The New York-based artist Kehinde Wiley is celebrated for his daring, vibrant naturalistic works that often depict young, black men in regal, imposing postures painted in classical European style. He has won global acclaim for his revisioning of portraiture and for challenging the Eurocentric art history canon by casting everyday youth, usually in streetwear and hip-hop style accoutrements, with the same glory and bombast offered to white men figures of centuries past. In 2017, he was commissioned to paint former President Barack Obama for the Smithsonian National Portrait Gallery. His 2015 show at the Brooklyn Museum was titled A New Republic, and informs the dinner name.
A focal point of the David Meets Wiley exhibit is one of Wiley’s most celebrated works, the 2005 painting “Napoleon Leading the Army over the Alps,” which has been on long-term loan to the Brooklyn Museum and was on prominent display in the lobby. In it, Wiley paints a black man on horseback with a bandana around his forehead, adorned in camouflage and a gold-hued garment. The painting is now displayed in a gallery across from the Jacques-Louis David 1801 painting that inspired it, “Bonaparte Crossing the Alps,” in which the French conqueror is stoically depicted in formal military gear on horseback, raring to lead his army through the snowy mountains. The David painting, on loan from the Château de Malmaison (where Napoleon once lived and briefly headquartered the French government), is debuting in New York for the first time. At the Brooklyn Museum, curators Eugenie Tsai and Lisa Small hope viewers will come away with a sense of the power that images have to reshape stories.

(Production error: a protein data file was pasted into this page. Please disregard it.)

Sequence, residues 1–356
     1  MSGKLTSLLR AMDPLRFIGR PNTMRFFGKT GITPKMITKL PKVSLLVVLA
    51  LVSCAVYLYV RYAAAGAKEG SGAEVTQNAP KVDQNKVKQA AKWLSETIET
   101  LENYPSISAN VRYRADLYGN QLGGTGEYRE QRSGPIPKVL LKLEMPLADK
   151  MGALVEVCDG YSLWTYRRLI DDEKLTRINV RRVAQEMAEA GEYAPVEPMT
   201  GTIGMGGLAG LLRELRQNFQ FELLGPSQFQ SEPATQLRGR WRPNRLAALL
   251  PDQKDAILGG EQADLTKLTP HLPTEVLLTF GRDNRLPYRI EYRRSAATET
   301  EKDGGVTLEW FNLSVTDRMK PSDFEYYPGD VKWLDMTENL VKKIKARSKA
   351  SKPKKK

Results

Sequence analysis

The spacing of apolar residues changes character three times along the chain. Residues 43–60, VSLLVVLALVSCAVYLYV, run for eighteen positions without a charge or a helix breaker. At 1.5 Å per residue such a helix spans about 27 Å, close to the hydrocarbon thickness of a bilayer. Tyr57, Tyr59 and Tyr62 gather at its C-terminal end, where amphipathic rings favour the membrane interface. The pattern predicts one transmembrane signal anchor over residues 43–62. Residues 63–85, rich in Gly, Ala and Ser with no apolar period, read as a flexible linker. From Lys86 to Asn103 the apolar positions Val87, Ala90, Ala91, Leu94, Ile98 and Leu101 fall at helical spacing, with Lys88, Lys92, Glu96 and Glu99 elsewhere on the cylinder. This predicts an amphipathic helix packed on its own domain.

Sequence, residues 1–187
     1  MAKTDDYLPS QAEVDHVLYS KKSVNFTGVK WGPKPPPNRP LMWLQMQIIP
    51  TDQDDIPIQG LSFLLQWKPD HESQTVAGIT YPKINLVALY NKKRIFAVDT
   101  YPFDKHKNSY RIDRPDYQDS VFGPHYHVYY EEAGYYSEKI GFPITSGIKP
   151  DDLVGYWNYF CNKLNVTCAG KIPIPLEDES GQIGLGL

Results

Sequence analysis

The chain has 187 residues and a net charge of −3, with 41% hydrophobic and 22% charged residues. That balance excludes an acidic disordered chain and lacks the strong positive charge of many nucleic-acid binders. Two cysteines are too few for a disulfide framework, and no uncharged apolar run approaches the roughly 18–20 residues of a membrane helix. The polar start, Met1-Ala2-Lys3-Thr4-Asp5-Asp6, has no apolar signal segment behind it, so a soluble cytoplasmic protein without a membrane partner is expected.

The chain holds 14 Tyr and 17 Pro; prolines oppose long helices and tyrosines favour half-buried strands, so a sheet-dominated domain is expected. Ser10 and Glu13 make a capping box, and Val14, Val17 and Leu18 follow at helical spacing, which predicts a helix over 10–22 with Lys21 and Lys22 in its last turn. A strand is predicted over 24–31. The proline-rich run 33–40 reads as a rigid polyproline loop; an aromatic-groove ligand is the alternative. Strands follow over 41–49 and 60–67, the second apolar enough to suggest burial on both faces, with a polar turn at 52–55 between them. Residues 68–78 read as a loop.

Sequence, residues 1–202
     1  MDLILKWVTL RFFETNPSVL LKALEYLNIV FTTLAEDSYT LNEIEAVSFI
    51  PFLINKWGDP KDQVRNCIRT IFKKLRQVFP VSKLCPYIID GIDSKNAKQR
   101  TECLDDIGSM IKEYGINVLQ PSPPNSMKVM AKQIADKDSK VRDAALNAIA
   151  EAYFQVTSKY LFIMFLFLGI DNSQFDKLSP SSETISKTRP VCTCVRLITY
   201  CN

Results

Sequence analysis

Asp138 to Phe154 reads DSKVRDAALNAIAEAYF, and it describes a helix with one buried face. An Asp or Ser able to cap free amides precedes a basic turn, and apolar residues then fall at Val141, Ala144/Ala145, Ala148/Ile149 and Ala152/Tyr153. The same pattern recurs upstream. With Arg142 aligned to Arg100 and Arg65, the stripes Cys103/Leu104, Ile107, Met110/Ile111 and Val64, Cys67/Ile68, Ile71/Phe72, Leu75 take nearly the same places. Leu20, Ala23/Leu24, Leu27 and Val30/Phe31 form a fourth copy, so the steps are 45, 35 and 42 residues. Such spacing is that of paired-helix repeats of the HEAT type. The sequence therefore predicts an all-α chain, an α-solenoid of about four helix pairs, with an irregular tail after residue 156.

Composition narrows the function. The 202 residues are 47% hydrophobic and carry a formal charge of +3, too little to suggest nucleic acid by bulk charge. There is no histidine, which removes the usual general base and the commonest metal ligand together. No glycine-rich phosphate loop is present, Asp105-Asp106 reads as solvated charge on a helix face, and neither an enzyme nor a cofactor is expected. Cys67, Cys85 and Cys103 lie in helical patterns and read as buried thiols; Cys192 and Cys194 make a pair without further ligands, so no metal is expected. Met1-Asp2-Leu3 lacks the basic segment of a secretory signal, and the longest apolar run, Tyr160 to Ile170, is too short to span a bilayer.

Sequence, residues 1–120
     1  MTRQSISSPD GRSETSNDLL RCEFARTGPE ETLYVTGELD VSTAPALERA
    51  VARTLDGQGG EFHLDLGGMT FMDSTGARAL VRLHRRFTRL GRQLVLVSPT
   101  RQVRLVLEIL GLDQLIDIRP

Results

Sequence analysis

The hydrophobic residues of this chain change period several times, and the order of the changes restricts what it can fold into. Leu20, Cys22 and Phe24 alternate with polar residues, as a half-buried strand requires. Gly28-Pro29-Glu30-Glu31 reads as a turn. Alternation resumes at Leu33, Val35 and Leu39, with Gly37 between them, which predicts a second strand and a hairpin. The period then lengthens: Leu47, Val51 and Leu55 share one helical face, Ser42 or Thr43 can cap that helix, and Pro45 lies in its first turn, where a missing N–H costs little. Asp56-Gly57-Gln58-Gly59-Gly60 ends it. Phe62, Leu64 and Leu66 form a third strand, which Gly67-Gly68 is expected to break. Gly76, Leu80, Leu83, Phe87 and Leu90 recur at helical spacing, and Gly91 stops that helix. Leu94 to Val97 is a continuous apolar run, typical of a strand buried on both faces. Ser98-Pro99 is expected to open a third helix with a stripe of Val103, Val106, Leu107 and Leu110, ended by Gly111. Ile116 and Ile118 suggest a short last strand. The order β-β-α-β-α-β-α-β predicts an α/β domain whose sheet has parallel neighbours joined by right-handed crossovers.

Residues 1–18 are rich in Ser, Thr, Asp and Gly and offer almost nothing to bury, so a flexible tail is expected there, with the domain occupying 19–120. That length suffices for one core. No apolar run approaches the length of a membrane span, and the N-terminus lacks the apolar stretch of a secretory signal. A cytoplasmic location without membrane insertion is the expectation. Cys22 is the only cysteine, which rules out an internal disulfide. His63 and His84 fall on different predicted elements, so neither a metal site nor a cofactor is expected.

“We live in an age that celebrates celebrity and is highly conscious of branding and the shaping of one’s image,” Tsai says. “This strategy is not new; it’s gone on forever. Napoleon crossed the Alps on a mule — a mule! — but when you look at David’s painting, he’s not on a mule.”
She continues: “The people with power are the ones who set the rules, who get to speak, who can be depicted.”
The marquee paintings will be shown with other pieces, including a small replication of Wiley’s “Rumors of War” sculpture (the original stands 27 feet tall at the Virginia Museum of Fine Arts and was once displayed in Times Square). It challenges the storytelling and mythmaking inherent in American Confederate monuments. Other pieces from the Brooklyn Museum’s collection include drawings and political caricatures that reflect on Napoleonic propaganda, another bronze bust sculpture by Wiley, and video commentary of Wiley’s first in-person sighting of the David painting while at the Château de Malmaison.